By Sandrine Sawadogo
What is the status of collaborative journalism in Africa? What has been achieved and who are the actors? These questions are worth asking in light of the success stories of the International Consortium of Investigative Journalists (ICIJ). In just a few years, their projects have gone around the world and have positively impacted the lives of the world’s citizens. The Panama Papers, the Fincen Files and, most recently, the Pandora Papers – to name just a few – have had a resounding echo everywhere.
Meanwhile, in Africa – more precisely in West Africa – things are much slower. Many journalists followed up on stories from latest ICIJ leaks. But, how many African journalists know colleagues from the same continent who participated in these investigations?
This question was raised during the panel on the role of partnerships and collaborations in investigative journalism during the AIJC2021 in Dakar, Senegal, on October 11, 2021. Based on the limited responses, another question immediately arose. Why is there so little interest among African colleagues who are members of ICIJ? These are a new generation of investigative journalists who are writing a new history of journalism, yet they seem to have so little interest in Africa.
Taking advantage of partnerships to strengthen investigative projects.
The benefits of collaborative work are well known. To counter criminals and unveil illegal and illicit practices it is necessary to be able to follow them, trace their paths and activities. This is where cross-border collaborative work becomes important. Interviewing the head of an arms sales company who is based in Serbia while you, the journalist, are in Burkina Faso is no longer an impossible feat thanks to alliances and partnerships between media companies and investigative journalists. And, a global network that transcends borders and brings together professionals, makes this possible.
To achieve this, it is important that journalist colleagues are interested and pay attention to what is happening around them. It is not enough to just reference and also follow up on articles published by ICIJ. As investigative journalists we have to be curious. This is the first condition of our profession. Let us find out who are the people who make the profession move in our respective countries and echo their work.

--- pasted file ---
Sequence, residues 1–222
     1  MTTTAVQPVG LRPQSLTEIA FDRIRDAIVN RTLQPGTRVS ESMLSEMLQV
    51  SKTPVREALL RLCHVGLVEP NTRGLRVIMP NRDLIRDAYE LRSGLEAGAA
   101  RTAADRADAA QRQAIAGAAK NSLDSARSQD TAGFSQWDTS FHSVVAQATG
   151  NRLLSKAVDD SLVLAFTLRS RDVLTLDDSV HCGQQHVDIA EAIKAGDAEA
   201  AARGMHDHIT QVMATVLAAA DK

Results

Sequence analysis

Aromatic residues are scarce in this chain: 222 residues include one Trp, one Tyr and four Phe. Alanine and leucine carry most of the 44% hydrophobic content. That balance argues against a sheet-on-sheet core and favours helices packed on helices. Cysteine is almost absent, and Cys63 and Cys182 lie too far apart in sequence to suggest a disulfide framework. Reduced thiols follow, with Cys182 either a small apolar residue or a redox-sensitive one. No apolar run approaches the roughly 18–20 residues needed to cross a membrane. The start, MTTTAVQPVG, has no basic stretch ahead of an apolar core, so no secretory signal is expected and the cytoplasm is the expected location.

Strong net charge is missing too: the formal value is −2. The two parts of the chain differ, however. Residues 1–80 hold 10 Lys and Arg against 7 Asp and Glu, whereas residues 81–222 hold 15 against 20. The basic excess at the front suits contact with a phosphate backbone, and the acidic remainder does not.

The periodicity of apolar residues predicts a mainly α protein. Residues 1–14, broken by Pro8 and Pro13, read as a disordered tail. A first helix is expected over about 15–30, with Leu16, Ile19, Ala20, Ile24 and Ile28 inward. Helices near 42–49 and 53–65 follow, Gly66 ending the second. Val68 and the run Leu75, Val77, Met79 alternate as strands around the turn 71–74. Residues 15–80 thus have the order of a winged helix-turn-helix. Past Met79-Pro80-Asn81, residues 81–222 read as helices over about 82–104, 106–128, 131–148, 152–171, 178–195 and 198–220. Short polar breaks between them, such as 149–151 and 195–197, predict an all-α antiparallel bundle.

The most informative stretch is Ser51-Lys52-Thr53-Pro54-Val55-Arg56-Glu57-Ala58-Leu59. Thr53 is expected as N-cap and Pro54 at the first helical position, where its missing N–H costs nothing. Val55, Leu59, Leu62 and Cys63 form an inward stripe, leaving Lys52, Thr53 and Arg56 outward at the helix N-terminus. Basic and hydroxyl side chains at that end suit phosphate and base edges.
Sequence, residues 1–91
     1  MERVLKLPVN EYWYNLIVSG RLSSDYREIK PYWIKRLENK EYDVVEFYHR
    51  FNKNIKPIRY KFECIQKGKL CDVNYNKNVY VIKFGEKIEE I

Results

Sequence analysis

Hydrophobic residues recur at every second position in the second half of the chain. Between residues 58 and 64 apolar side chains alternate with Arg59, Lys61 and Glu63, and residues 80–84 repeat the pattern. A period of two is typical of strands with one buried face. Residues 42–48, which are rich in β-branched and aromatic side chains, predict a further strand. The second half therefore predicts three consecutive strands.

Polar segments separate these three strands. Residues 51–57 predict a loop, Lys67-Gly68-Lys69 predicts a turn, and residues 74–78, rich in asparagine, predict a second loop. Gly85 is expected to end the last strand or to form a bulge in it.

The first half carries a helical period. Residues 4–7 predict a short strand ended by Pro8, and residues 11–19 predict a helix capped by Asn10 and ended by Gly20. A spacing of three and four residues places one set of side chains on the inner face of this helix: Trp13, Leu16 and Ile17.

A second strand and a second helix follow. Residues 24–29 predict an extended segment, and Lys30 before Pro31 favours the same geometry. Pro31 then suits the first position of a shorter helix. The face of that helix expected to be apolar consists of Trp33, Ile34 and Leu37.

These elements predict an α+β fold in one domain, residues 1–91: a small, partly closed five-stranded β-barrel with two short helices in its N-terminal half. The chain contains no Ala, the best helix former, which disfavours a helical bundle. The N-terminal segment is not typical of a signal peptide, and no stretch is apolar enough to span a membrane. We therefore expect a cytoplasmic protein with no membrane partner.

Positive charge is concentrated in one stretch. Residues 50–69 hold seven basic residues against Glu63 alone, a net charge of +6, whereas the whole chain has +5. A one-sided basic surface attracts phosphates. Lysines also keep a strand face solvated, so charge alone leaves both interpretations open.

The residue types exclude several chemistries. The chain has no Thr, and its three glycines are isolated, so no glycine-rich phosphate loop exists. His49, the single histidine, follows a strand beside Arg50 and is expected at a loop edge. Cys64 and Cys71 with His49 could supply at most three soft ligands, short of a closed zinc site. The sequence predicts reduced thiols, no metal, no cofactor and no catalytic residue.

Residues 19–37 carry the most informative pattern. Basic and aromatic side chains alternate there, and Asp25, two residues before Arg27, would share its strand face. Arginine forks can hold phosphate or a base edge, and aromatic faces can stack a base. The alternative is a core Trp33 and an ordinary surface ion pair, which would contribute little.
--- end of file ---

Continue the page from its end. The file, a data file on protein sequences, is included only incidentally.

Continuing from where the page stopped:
The second most important characteristic of an investigative journalist is audacity. I vividly remember this from my experience with the ICIJ. After the publication of the Panama Papers, I approached a colleague from Mali, David Dembelé, who had participated in the project with ICIJ. My question was to him was simple. How could I be part of such a project? He sent me contact details of Will Fitzsgibbon of ICIJ and I sent him an e-mail right away. I got access to the consortium’s data and was able to publish my first investigation related to the Panama Papers. I didn’t have to wait to be chosen or selected. The door is open, you just have to take the first step.
The tone is set and structures exist here in West Africa, such as the Norbert Zongo Unit for Investigative Journalism which is doing an amazing job in bringing change in this noble profession. Its program manager, who was invited to Dakar for the same panel, insisted that it is vital that we, investigative journalists, are united. Apart from the benefit of having information without moving, being part of a network like Cenozo and ICIJ is like having an umbrella in hand when it rains. Subject to lawsuits, threats, harassment and other forms of abuse, the lone investigative journalist is isolated and becomes easy prey. But, when sheltered behind a strong network, he or she becomes difficult to reach.
The dream of these investigative journalists, who are pioneers in collaborative work and partnerships, is to raise a 100% African leaks project. The bases are there, the resources also, and now it is up to the fellow members to accept and jump right in and make it happen.
Featured image: Journalists ask questions during an AIJC21 session in Dakar, Senegal.